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Galveston Police Chief apologizes for transport photo that went viral


August 6, 2019
By Staff

The Galveston Police Department sparked public outrage near and far, as reported by numerous media outlets, after a “a photo emerged of two white officers on horseback leading a black suspect in handcuffs down the street with a rope tied to him,” according to the New York Times.

“We became aware today of an arrest Saturday involving two mounted patrol officers and how the arrested individual was transported,” the police department said in a news release. “A transportation unit was not immediately available at the time of the arrest and a man was handcuffed and escorted beside two police officers on horses. While this technique of using mounted horses to transport a person during an arrest is considered a best practice in certain scenarios, such as during crowd control, the practice was not used correctly in this instance.”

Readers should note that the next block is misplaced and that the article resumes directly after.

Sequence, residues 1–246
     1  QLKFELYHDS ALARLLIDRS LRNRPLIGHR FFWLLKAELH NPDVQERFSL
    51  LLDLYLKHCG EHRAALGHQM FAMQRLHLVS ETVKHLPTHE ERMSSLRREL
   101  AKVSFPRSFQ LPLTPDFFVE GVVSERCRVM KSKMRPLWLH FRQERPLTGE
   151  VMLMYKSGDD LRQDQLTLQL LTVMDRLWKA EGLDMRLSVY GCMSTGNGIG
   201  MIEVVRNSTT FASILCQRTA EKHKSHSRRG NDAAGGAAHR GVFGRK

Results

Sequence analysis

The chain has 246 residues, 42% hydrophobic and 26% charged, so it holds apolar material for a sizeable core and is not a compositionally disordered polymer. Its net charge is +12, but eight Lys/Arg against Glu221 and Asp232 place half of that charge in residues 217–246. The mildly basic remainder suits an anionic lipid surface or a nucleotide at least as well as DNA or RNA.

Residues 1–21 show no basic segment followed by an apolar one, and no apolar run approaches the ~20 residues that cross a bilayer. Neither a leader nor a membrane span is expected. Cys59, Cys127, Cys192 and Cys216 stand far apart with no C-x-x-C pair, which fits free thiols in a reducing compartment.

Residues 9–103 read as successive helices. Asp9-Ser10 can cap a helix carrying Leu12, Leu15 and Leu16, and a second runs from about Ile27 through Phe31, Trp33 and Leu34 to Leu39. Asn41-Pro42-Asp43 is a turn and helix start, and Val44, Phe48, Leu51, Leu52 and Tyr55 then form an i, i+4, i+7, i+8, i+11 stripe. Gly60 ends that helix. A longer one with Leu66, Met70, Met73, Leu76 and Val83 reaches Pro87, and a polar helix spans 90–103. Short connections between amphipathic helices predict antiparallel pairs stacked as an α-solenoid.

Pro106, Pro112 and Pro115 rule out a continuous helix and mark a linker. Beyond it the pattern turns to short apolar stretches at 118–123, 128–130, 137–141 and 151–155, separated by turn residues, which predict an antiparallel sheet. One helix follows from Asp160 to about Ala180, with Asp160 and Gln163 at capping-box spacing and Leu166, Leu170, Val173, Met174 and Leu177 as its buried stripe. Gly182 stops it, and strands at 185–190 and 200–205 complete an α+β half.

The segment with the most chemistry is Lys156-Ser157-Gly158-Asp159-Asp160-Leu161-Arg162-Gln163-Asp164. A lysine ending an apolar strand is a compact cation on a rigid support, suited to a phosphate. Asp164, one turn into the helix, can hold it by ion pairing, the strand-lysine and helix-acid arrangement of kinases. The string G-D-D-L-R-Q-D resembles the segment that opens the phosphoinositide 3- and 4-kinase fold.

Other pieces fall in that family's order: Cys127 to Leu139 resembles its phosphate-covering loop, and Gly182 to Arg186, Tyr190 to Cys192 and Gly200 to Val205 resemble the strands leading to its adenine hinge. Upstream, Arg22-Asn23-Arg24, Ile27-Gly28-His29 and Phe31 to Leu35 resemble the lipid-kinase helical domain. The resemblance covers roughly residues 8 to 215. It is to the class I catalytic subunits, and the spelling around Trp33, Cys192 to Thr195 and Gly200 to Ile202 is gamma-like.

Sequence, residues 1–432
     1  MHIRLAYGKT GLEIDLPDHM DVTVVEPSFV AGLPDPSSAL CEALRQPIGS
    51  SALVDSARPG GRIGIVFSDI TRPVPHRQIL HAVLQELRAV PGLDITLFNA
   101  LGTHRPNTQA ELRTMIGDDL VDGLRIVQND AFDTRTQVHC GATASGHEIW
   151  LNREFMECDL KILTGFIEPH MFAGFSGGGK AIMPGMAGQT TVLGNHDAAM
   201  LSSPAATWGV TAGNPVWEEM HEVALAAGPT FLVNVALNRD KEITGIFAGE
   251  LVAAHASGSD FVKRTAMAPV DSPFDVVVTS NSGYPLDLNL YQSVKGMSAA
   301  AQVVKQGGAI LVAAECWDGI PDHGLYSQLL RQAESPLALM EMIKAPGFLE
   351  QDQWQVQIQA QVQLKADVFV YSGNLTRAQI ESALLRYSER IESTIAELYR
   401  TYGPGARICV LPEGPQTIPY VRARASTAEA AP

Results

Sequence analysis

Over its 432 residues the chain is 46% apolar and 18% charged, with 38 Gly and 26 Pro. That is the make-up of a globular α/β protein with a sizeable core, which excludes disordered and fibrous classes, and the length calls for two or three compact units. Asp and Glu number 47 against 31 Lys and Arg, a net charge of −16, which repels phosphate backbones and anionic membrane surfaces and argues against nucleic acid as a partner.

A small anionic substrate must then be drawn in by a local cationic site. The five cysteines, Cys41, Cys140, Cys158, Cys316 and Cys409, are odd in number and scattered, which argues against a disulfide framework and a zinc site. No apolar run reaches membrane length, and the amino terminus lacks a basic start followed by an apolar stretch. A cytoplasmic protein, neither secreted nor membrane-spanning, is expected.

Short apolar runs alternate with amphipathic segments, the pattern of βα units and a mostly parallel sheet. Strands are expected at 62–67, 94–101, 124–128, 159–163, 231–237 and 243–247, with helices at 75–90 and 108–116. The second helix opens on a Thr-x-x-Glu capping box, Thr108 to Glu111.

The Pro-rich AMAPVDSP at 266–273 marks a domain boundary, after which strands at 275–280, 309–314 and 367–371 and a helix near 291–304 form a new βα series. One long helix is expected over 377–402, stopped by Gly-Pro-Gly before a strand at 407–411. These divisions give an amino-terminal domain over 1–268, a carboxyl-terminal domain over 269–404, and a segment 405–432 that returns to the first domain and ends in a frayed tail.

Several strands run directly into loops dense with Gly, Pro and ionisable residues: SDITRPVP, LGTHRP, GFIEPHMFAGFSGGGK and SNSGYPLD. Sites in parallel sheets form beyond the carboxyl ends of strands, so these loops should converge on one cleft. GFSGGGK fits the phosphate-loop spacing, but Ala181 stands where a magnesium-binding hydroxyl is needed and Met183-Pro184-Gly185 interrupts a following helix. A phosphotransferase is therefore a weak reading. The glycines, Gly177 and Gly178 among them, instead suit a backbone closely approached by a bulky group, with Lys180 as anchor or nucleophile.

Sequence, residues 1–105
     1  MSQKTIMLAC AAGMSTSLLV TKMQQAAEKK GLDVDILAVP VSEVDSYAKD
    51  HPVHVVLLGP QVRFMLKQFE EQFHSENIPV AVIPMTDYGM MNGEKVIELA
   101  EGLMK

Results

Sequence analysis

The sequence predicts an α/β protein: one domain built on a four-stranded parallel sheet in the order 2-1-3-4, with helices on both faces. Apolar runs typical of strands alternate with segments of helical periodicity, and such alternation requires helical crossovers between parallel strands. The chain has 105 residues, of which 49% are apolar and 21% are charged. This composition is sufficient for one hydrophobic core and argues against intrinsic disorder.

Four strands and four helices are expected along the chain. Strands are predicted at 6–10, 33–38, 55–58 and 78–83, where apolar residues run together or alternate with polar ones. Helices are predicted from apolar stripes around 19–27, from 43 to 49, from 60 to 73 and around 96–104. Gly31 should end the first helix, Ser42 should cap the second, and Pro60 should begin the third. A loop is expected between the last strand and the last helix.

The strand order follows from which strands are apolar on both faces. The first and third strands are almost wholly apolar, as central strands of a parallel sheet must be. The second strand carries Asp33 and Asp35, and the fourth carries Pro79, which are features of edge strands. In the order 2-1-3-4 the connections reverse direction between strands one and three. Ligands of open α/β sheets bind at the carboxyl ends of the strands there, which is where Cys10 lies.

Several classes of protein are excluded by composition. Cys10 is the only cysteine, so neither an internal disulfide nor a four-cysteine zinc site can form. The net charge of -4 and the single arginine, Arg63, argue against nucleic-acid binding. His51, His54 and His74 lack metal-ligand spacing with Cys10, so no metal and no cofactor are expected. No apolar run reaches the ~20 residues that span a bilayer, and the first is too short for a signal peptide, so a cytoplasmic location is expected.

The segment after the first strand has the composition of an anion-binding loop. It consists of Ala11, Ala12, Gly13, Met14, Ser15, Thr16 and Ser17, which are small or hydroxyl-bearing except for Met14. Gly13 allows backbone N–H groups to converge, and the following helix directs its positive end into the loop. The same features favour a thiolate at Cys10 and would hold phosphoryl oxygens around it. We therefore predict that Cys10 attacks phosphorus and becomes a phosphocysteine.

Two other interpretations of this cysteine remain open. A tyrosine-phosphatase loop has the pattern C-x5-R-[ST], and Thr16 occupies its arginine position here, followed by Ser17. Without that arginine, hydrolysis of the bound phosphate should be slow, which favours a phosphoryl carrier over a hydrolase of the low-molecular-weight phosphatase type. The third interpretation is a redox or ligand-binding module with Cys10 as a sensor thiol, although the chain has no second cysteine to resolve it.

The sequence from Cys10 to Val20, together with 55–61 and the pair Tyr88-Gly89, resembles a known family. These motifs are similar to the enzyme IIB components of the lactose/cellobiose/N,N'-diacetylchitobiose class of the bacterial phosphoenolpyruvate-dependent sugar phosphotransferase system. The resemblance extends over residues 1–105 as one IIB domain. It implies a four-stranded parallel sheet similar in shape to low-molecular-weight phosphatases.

The police department identified the arrested man as Donald Neely, 43, and noted he had been arrested for criminal trespassing.

“First and foremost, I must apologize to Mister Neely for this unnecessary embarrassment,” Vernon L. Hale III, the city’s police chief, said in a statement posted on the department’s Facebook page on Monday night. “Although this is a trained technique and best practice in some scenarios, I believe our officers showed poor judgment in this instance and could have waited for a transport unit at the location of arrest.”

The department identified the two officers as P. Brosch and A. Smith and said that the officers’ body cameras were activated at the time of the episode.

The chief said he has taken immediate action to suspend this technique of transportation during arrests.